Water — it gives us life, and it soothes our soul. Here's a quintessential look at water in Davis, at the fountain in front of Tres Hermanas restaurant at Second and H streets near the train depot and the "Solar Intersections" public art. Fred Gladdis/Enterprise photo

City government

Water rate outreach meetings start Thursday

By June 20, 2011

The town is buzzing with questions about the likely tripling of water rates by 2016 and, on Thursday, Davis ratepayers will have a chance to get answers at the first in a series of community meetings.

The meeting will start at 7 p.m. at the Stonegate Country Club, 919 Lake Blvd. in West Davis. Subsequent meetings, each starting at 7 p.m., are planned for:

* June 30: Tandem Properties Building, 3500 Anderson Road, North Davis;

* July 14: Redwood Park Meeting Room, 1001 Anderson Road, Central Davis;

* July 21: Fire Station 33, 425 Mace Blvd., South Davis; and

* July 28: Wildhorse Golf Club Clubhouse, 2323 Rockwell Drive., East Davis.

The city is proposing annual rate hikes over the next five years to fund a surface water project that would pump water from the Sacramento River and eliminate Davis’ reliance on groundwater. Davis has partnered with Woodland on the project. UC Davis also has a small stake.

Davis would pitch in about $160 million on the estimated $325 million project.

That means the average single-family home in Davis that now pays $34.75 a month for water may see their bill rise to $44.89 in 2012, according to city estimates. The monthly amount may rise to $57.50 in 2013, $68.46 in 2014, $81.16 in 2015 and, finally, $96.38 in 2016.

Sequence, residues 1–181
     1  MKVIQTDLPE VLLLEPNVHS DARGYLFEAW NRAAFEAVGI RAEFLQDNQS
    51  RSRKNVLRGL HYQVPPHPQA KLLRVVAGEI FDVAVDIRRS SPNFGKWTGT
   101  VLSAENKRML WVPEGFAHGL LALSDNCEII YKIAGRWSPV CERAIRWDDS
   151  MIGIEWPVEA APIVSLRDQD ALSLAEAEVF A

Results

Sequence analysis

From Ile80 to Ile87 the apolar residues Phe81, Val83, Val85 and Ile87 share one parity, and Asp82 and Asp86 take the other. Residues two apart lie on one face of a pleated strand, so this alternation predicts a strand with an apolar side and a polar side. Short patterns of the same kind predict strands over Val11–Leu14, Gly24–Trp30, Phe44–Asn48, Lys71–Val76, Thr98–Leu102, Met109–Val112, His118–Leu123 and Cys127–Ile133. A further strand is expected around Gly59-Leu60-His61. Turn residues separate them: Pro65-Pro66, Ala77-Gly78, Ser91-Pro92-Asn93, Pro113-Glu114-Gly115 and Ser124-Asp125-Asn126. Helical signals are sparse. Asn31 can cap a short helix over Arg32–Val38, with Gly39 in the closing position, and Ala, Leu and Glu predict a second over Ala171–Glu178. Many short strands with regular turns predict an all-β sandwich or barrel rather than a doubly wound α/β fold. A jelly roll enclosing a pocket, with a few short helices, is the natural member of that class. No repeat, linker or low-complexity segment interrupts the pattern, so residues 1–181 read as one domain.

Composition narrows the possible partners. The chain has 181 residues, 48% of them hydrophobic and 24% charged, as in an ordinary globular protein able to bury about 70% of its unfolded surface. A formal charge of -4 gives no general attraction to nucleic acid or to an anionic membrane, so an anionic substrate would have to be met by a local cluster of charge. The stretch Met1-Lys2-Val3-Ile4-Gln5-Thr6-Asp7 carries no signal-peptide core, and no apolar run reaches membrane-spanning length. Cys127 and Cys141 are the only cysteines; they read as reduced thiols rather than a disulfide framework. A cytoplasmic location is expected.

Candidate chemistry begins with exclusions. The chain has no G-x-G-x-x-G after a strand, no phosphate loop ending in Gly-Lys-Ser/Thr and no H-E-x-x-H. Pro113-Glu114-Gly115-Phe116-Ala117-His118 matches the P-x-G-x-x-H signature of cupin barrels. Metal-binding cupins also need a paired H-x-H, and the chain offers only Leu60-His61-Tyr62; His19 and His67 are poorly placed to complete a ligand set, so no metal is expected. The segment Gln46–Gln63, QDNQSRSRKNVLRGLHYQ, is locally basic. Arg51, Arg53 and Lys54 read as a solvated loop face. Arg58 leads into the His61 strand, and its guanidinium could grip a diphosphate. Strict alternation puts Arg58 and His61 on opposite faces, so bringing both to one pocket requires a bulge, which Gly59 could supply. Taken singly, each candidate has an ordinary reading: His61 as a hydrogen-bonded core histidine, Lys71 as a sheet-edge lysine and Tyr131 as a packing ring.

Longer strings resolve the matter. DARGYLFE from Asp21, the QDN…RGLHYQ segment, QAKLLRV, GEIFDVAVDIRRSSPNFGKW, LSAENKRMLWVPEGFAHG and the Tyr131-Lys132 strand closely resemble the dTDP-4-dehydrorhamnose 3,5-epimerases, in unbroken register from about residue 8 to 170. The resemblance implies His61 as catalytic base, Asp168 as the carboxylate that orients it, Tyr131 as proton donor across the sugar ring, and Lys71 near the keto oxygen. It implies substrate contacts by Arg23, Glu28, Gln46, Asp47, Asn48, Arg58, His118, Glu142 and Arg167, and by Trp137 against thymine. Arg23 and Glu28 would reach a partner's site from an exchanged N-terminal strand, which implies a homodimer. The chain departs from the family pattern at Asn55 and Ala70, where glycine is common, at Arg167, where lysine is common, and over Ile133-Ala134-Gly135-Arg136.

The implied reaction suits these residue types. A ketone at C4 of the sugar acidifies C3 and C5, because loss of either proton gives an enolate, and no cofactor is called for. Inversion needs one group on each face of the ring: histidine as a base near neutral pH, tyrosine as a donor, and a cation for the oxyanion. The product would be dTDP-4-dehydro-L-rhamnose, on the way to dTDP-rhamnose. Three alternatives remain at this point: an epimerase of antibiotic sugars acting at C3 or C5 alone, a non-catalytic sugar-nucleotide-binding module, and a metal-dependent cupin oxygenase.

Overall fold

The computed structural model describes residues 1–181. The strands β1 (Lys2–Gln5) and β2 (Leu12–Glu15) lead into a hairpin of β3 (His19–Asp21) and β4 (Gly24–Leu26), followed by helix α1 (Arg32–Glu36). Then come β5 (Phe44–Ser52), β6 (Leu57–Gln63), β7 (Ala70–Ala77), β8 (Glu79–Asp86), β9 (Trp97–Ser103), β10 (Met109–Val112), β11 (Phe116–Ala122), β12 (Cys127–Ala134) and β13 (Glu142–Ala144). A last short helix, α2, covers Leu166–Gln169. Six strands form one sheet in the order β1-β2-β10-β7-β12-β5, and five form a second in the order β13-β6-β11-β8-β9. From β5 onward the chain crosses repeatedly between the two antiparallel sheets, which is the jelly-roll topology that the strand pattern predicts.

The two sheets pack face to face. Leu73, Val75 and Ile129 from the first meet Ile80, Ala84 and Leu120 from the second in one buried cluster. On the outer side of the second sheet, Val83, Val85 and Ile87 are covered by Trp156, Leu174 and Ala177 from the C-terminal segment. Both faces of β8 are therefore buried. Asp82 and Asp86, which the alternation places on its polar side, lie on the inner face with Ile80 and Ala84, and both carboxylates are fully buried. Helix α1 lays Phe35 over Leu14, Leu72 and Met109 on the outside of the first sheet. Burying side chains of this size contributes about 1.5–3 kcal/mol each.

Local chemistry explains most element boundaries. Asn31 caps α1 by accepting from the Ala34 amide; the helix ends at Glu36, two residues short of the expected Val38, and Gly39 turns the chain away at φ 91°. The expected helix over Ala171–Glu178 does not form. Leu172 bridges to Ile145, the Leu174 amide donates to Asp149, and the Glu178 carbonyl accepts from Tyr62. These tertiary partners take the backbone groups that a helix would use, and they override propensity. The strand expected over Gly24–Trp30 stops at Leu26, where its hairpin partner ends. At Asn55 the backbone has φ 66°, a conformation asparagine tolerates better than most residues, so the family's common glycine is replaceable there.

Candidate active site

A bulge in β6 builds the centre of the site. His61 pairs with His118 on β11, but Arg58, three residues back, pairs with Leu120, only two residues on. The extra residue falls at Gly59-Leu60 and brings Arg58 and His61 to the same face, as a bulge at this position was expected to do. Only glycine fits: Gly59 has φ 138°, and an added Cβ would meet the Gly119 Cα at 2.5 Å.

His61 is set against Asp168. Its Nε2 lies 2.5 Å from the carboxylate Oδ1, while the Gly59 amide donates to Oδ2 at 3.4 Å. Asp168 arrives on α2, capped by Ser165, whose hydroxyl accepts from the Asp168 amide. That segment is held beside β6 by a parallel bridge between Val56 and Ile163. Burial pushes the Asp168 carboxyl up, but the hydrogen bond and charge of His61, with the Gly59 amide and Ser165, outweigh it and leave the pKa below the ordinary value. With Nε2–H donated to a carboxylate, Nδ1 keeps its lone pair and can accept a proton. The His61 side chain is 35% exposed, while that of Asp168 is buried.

Rates are expected to stabilize after 2017, when the project is slated for completion.

Commercial property owners would pay the same percentage increases as residential ratepayers. Actual rate increases depend on water usage.

The new rates are effective Dec. 1 unless a majority of ratepayers — at least 8,202 of Davis’ 16,402 ratepayers — submit a formal protest to the city by Sept. 6.

Before the city can adopt the new fees, Proposition 218 
requires noticing, which 
gives ratepayers an opportunity to voice their opinion on the higher rates. If the city receives a majority protest, it cannot impose the new fees.

Details on how to protest are included in the Proposition 218 notices, which should be landing in mailboxes within the next couple of weeks.

Project leaders, which include City Council members from Davis and Woodland, say the cities’ groundwater resource is unsustainable in terms of quality, supply and compliance with state and federal regulations. Others argue that the city should fight the 
requirements or postpone the project, given the high cost of water projects and the bad economic times.

— Reach Crystal Lee at [email protected] or (530) 747-8057.


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